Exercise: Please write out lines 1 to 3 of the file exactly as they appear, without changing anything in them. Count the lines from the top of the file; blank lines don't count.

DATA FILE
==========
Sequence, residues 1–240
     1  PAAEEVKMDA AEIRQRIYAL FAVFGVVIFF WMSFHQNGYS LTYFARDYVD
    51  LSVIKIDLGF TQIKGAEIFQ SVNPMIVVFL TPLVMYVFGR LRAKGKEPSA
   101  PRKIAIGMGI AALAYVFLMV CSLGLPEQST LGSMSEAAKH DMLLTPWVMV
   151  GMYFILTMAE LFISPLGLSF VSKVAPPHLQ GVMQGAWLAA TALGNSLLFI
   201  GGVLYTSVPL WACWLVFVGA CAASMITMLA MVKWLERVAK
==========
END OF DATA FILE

Sequence, residues 1–240
     1  PAAEEVKMDA AEIRQRIYAL FAVFGVVIFF WMSFHQNGYS LTYFARDYVD
    51  LSVIKIDLGF TQIKGAEIFQ SVNPMIVVFL TPLVMYVFGR LRAKGKEPSA